Cannabis legalization supporters were understandably displeased when Donald Trump appointed Jeff Sessions as United States Attorney General as the former Alabama senator has a long history of Reefer Madness and supporting the escalation of the failed and racist Drug War. While there are many reasons to oppose plenty of AG Session’s policies, it is clear that he has become more and more isolated on cannabis policy, even from his fellow Republicans. Just after Donald Trump announced his likely support for the STATES Act that would effectively end federal marijuana prohibition, Senate Republicans have included language prohibiting the Justice Department from prosecuting medical cannabis patients and providers in the agency’s spending bill for the first time in history.

Preventing the Justice Department (currently headed by Sessions) from persecuting medical cannabis actors following state law has been added as a committee amendment for a few years now, but including such a provision into the DOJ’s funding bill is another step forward for supporters of sensible cannabis laws. The Senate GOP’s proposal doesn’t go far enough, as it doesn’t protect cannabis consumers and businesses following their state’s adult-use laws, but an amendment that would protect those complying with their jurisdiction’s legalization law could potentially be added later.

Tom Angell reported in Forbes:

“It’s taken years of hard work by patients and their advocates, but we’ve finally reached the point where even in a U.S. Senate controlled by Republicans, a medical marijuana provision is not considered a poison pill and its support requires no further debate,” Don Murphy, director of federal policies for the Marijuana Policy Project, said in an interview.

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“The Senate Appropriations Committee finally read the writing on the wall and accepted the inevitable, that allowing the Department of Justice to interfere with state-legal medical marijuana programs is bad policy and losing politics,” Justin Strekal, political director of NORML, said in an interview. “Looking at the scorecard, today it’s medical freedom: 1; Attorney General Jeff Sessions and his reefer madness ways: 0.”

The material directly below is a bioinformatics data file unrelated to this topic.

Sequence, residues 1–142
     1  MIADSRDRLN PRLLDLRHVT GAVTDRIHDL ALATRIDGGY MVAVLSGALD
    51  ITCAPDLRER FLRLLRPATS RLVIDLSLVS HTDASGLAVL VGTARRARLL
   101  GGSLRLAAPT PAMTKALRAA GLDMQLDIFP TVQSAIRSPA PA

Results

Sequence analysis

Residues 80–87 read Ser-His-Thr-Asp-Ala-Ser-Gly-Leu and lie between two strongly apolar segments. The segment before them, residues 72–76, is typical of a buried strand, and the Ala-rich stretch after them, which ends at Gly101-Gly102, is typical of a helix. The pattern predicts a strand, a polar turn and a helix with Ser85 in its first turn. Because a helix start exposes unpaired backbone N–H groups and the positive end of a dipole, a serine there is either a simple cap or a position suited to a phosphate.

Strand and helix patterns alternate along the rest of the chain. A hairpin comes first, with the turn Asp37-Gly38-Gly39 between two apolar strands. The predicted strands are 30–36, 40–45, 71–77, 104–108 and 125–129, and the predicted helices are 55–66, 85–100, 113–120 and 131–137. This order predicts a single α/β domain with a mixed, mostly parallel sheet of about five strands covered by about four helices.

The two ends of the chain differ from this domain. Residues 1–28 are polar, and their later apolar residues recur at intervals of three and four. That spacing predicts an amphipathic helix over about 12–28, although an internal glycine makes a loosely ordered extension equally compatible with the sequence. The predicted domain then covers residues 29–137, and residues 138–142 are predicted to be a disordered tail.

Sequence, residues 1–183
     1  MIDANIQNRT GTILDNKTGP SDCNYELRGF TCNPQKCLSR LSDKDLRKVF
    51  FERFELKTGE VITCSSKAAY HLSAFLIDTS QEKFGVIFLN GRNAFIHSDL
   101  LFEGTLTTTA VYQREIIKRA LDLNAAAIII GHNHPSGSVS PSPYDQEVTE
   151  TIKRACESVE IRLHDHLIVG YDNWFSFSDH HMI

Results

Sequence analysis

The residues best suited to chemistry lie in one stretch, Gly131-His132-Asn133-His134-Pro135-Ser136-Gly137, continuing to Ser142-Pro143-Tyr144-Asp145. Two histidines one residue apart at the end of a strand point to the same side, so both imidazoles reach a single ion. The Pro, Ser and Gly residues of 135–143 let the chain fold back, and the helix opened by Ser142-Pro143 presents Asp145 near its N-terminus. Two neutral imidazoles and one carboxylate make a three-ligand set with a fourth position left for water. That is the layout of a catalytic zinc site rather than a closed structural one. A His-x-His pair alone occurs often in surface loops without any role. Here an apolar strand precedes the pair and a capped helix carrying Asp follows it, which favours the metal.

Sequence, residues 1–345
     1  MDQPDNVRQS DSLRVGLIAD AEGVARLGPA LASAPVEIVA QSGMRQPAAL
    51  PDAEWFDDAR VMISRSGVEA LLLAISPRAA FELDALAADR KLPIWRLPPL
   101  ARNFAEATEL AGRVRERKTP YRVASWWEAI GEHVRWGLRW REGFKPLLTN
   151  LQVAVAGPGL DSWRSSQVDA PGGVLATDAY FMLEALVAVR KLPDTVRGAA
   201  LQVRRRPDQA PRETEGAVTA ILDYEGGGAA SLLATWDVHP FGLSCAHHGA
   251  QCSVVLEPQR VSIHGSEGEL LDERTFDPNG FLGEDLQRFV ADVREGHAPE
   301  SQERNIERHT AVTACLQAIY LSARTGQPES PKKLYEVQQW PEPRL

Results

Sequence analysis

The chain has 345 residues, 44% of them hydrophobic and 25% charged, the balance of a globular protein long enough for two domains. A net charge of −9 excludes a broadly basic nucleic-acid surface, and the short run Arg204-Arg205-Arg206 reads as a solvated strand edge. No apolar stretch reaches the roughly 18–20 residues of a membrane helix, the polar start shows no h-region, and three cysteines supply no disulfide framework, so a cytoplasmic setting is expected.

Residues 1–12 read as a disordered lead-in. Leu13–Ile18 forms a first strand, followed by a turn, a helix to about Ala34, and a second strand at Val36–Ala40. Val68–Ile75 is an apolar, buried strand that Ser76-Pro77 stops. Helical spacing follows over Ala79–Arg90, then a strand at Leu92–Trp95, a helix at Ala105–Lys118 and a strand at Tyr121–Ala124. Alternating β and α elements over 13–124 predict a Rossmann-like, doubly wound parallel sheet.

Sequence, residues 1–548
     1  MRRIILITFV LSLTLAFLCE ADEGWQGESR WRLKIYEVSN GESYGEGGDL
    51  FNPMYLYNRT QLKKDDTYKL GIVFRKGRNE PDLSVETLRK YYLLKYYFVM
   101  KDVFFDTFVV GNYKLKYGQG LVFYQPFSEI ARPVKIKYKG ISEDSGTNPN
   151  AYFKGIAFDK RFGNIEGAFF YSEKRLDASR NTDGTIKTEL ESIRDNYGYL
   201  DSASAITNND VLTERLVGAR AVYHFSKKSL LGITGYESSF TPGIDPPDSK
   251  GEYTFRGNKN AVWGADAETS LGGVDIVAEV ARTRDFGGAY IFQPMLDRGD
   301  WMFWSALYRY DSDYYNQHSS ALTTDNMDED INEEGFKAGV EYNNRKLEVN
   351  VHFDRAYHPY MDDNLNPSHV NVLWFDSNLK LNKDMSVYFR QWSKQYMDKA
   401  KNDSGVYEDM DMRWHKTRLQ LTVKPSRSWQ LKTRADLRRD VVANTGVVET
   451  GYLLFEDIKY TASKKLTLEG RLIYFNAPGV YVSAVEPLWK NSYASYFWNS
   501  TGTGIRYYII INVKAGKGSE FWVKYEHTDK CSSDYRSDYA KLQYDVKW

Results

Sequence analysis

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The House Appropriations Committee inserted the medical marijuana protections into its version of the Justice Department bill by a voice vote last month. That means the provision is all but certain to end up in the final FY19 appropriations legislation that is sent to President Trump for his signature later this year, clearing the way for states to keep implementing medical marijuana programs without federal interference through at least September of next year.

Just as Bob Dylan sings, “The times, they are a-changin’,” the political fortunes for the cannabis community have definitely improved for the better. The amendment protecting medical marijuana laws from the DOJ was first introduced in 2001 and it didn’t pass until 2014. Four years later, medical protections are baked directly into a  Republican Senate funding bill, a dramatic turnaround that demonstrates the mainstreaming of cannabis, particularly medical marijuana.

With progress in Canada, Germany, Uruguay, and countries around the world, we certainly have tremendous momentum to finally end a failed and harmful war being waged upon the nonviolent cannabis community. However, Reefer Madness prohibitionists like Jeff Sessions won’t give up power easily. We must continue to organize, fight, and keep progressing step by step until we are all free.

The International Cannabis Business Conference combines politics, business, and culture, unlike any other event. While the ICBC prepares marijuana entrepreneurs to succeed in c commerce, we understand the importance of activism and always fighting to maintain laws that keep people out of prison and ensure patients safe access to a safe medicine. Come join us and hear the iconic Henry Rollins talk about our mission for justice at the upcoming ICBC in Vancouver this June 24th to 25th. Get your tickets now before we sell out! After Vancouver, we’ll be heading back to Portland, Oregon, on September 27th-28th.